Children Will Light Up the World if We Don’t Keep Them in the Dark
A TED Talk by Lucretia Berry (14 minutes)
“Why are we so bad at talking to kids about skin tone and race? We can do better, much much better”
Dismantling White Supremacy from the Inside Out
“Learn why white Americans resist engaging or even acknowledging systemic racial injustice, and how to help them get past that and work to dismantle racist patterns and systems” with Rev. J. C. Austin from Auburn Seminary. (60 minutes)
Inside the AC360 doll study
“Children take a test on their attitudes and biases toward race.” (Multiple 5 minute segments-YouTube)
What I Am Learning from My White Grandchildren: Truths About Race
“Anthony Peterson, a Black American, draws from current research and from conversations with his Anglo American grandchildren to address truths about race in 21st century America.”
(19 minutes-Tedx on YouTube)
Bryan Stevenson’s Remarkable Speech on How to Change the World
Bryan Stevenson, author of the book Just Mercy, is a civil rights attorney who has dedicated his life to representing those on death row who have been unjustly convicted. He believes we can change the world, and shares 4 keys to keep in mind as we go about working for social justice. (13 minutes-You Tube)
Finding Myself in the Story of Race
“This talk is designed to be a 101 for white people about what white privilege and institutional racism are and how they manifest.” The speaker, Debby Irving, is also author of the book Waking Up White, which was the catalyst that started Jan and Ellie on their journey.
Mirrors, Windows, and Sliding Glass Doors
‘Rudine Sims Bishop uses “Mirrors, Windows and Sliding Glass Doors” as an analogy to discuss the importance of diversity in books and the authors who write them. We need books in which children can see reflections of themselves – but also look through and see other worlds.”
This is a short intro a longer article by the same name, which she wrote in 1990.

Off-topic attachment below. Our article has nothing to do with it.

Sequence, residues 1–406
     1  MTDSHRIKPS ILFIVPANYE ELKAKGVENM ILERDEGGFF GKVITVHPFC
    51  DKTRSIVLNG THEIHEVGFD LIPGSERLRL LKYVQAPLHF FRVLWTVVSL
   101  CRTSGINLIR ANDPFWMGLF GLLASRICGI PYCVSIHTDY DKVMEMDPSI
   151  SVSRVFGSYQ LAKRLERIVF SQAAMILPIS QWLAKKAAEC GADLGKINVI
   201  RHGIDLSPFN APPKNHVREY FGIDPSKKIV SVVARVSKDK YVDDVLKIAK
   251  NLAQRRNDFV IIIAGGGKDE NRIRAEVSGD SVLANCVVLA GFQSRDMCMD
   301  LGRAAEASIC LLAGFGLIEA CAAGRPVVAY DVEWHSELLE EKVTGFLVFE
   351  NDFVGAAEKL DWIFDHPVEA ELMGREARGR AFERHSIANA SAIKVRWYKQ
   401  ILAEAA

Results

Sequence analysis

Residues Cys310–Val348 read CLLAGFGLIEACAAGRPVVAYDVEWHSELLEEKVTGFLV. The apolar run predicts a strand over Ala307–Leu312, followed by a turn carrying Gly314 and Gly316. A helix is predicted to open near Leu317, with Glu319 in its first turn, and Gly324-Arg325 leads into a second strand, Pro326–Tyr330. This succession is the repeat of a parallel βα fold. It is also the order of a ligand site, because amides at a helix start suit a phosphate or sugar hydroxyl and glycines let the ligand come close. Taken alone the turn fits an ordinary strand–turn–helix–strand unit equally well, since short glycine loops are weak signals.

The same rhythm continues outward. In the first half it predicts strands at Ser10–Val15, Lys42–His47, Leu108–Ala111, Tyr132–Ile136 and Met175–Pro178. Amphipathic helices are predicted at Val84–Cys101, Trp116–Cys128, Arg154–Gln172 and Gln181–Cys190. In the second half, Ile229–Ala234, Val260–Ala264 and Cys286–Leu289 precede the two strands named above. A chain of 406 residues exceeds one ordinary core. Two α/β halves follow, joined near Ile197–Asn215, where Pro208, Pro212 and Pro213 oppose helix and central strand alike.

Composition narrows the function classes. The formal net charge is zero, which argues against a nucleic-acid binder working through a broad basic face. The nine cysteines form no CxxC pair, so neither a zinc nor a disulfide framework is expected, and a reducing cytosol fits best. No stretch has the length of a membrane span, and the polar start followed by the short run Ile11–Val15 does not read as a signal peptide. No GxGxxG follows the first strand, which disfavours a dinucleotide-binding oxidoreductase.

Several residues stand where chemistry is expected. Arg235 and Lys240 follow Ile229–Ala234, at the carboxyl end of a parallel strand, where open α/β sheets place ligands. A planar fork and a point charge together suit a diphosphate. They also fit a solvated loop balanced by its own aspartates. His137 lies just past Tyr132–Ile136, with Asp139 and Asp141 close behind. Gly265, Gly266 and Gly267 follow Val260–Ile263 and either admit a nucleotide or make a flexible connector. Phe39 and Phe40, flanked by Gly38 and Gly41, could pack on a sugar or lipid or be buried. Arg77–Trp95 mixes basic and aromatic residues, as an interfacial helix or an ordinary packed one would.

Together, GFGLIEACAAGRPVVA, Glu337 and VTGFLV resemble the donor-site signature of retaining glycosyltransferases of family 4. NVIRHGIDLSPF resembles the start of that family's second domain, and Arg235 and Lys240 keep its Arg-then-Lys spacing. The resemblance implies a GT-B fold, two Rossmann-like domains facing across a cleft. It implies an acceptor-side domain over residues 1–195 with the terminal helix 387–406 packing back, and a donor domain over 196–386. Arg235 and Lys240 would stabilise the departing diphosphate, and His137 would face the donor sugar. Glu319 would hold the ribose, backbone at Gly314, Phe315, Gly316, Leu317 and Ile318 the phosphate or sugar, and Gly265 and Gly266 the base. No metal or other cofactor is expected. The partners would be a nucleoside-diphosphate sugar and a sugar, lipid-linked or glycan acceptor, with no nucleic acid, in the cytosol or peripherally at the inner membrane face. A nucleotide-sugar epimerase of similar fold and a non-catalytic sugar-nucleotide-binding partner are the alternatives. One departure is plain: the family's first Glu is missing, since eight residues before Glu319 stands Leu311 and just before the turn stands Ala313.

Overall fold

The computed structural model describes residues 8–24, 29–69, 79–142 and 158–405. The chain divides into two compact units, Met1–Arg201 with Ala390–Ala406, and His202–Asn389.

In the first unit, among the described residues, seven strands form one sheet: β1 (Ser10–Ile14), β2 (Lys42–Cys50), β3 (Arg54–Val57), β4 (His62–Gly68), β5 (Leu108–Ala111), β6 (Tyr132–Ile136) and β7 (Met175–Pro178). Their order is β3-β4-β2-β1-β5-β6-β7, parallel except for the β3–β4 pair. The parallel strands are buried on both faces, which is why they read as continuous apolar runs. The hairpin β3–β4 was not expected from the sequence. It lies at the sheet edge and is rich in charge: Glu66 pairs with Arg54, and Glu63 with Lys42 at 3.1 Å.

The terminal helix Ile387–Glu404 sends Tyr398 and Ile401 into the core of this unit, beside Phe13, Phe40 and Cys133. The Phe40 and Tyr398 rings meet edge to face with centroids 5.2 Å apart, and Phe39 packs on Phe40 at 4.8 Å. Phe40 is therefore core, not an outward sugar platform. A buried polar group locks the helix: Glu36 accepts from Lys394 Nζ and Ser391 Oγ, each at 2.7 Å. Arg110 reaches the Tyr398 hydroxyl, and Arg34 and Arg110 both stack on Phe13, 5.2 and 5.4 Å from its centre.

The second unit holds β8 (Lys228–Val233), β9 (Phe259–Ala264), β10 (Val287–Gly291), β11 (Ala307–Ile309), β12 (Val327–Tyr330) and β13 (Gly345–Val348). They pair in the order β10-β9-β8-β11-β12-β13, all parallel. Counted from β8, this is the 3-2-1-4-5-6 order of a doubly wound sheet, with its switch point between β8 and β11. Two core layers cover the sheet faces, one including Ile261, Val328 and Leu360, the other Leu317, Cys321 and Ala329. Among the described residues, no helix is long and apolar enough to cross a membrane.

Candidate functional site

(2 minutes-You Tube)
Mirrors, Windows, & Sliding Glass Doors
Akhand Dugar, an American high school student of Indian descent, discusses the profound effects that reading diverse literature has had on his life and the lives of other children and teens. It is a real world testament to the power of the analogies created by Rudine Sims Bishop: books can serve as mirrors to see ourselves, windows to observe the lives of others, and sliding glass doors that allow readers to enter in and share the experience of characters who are different than themselves.
Building the Troost Wall: Structural Racism in Kansas City
Take a driving tour of Kansas City, Missouri, to experience where, when, how, and why segregation developed and continues to divide us from one another to this day.
“Mirrors, Windows, and Sliding Glass Doors”
by Rudine Sims Bishop
Rudine Sims Bishop created a classic metaphor for the power of books in the lives of children (and everyone else) in this article originally published in 1990.
“See Baby Discriminate”
by Po Bronson and Ashley Merryman
“Children Are Not Colorblind: How Young Children Learn Race”
by Erin N. Winkler
“Children’s Books Can Help Start a Conversation About Race. Parents Have to Continue It.”
by Jason Basa Nemec in the Washington Post, November 22, 2019.
PBS – How to Use Children’s Books to Talk About Race and Racism
Raising Race Conscious Children
Social Justice Books
Cass County Public Library
Johnson County Public Library
Lawrence Public Library
Kansas City, Kansas Public Library
Kansas City Public Library
Mid-Continent Public Library
Olathe Public Library